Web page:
In Keeping With The Rest of the Building

In the recent NSW Civil and Administrative Tribunal decision of The Owners – Strata Plan 30198 v Barnes [2018] NSWCATCD 8 the Tribunal was required to determine the meaning of the words “in keeping with the rest of the building” in by-law 17 (Appearance of the lot) and whether the rear garden area of the lot was included in the definition of “building” within the Strata Schemes Management Act 2015 (“SSMA”).

Background

The applicant was the owners corporation. The respondent was the owner of lot 8 in the strata scheme. The respondent, without the written consent of the owners corporation, began construction of a deck and entertainment area in the rear garden of their lot. The deck and entertaining area as constructed are visible from outside the lot.

The applicant’s submission was that the works as constructed by the respondent were in breach of by-law 17 because the deck and entertaining area were visible from outside the lot and when viewed from outside the lot were not in keeping with the rest of the building.  By-law 17 was in the following terms:

17 Appearance of the lot

(1) The owner or occupier of a lot must not, without the written consent of the owners corporation, maintain within the lot anything visible from outside the lot that, viewed from outside the lot is not in keeping with the rest of the building.

The issue for determination before the Tribunal was whether the works, the subject of the application, were “when viewed from outside the lot, in keeping with the rest of the building”. The respondent’s submission was that because the words “not in keeping with the rest of the building” have not been the subject of interpretation by a Superior Court the Tribunal, in ascribing a meaning to them, must give them their ordinary meaning. While the Tribunal accepted that proposition, the Tribunal had to deal with the respondent’s further submission that the Tribunal must apply the definition of building contained in the SSMA and that the definition precludes the garden areas from the physical structure of the building.  Section 4 of the SSMA states:

building”, in relation to a strata scheme or a proposed strata scheme, means a building containing a lot or a proposed lot, in the scheme or proposed scheme.

The Tribunal concluded that by reference to the strata plan it was clear from the placement of the vinculum that the courtyard and garden area in each case forms part of each lot and was satisfied therefore that the garden area in question at the rear of the lot was in fact part of the lot and by definition part of the building comprising the strata plan.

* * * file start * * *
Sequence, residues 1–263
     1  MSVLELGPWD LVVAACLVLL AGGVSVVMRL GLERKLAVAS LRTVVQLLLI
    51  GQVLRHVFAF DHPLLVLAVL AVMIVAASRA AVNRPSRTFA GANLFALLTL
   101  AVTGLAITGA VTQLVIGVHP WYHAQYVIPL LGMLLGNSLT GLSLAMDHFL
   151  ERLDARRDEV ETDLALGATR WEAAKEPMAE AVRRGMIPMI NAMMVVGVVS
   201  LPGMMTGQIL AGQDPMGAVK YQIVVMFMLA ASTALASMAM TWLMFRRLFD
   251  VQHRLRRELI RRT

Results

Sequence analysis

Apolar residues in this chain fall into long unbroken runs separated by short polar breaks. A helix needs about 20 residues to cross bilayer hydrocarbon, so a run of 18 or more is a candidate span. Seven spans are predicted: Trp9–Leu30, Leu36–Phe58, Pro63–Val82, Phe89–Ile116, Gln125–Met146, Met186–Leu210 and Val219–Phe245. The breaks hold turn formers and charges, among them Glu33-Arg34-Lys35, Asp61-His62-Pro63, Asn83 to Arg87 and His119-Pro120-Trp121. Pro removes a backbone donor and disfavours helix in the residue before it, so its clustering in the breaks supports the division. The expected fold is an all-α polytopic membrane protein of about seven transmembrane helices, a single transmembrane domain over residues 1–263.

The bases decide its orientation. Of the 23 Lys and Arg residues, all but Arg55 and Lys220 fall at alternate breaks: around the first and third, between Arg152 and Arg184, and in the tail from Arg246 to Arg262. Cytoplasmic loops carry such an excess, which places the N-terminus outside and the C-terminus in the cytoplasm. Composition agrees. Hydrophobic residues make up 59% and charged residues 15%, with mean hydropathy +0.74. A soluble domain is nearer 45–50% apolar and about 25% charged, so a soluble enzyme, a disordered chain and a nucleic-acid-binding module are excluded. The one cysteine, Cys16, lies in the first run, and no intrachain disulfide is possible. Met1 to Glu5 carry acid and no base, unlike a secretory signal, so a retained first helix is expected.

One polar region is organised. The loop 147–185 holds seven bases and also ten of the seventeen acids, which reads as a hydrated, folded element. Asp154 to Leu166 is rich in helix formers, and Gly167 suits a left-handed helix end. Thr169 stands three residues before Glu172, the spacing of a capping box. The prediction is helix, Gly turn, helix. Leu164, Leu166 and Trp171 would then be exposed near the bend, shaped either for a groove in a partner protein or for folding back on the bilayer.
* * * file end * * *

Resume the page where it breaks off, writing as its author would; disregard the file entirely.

The next question for determination by the Tribunal was whether the subject works in question, when viewed from lots 7 and 9, were or were not “in keeping” with the rest of the building. Both parties relied heavily on their respective experts in attempting to justify their respective positions.

Decision

The Tribunal stated that the issue for determination requires consideration of the meaning of the words adopted in by-law 17 and their objective application to the circumstances of the case.  In dismissing the application, the Tribunal held:

  • the by-law, specifically refers to viewing something from outside the lot and that therefore that it is about visual comparisons between the lot in which the “thing” is situated and the remainder of the building;
  • it is necessary therefore to also consider what the ordinary meaning is of the words “in keeping with” and in doing so it is a legitimate exercise to apply to the extent necessary in order to understand those words relevant dictionary definitions;
  • clearly the words “in keeping with” impart a meaning of something being harmonious with whatever it is being compared to without imparting any intention of the two things being exactly the same and in this case the harmony or similarity is of a visual nature; and
  • over-all the Tribunal has no hesitation in finding a visual and aesthetic harmony between all of the photographs examined; and
  • it was not satisfied that the applicant has discharged its burden of proving that the respondent, in installing the subject works without the consent of the applicant, now maintains within the lot anything that, when viewed from outside the lot, is not in keeping with the rest of the building.

Conclusion 

It is not always an easy task to interpret some strata plans. Therefore, it is recommended that you obtain legal advice sooner rather than later.

Pobi Lawyers

Michael Pobi has been a specialist strata lawyer for 10 years. His firm Pobi Lawyers provides specialist strata and community title law legal advice and legal representation in the NSW Civil and Administrative Tribunal and the Courts in relation to strata disputes and building defect claims.

Please note that the information contained in this article is for information purposes only. It is not legal advice and should not be relied upon. You should obtain legal advice before you take any action or otherwise rely upon the contents of this article.

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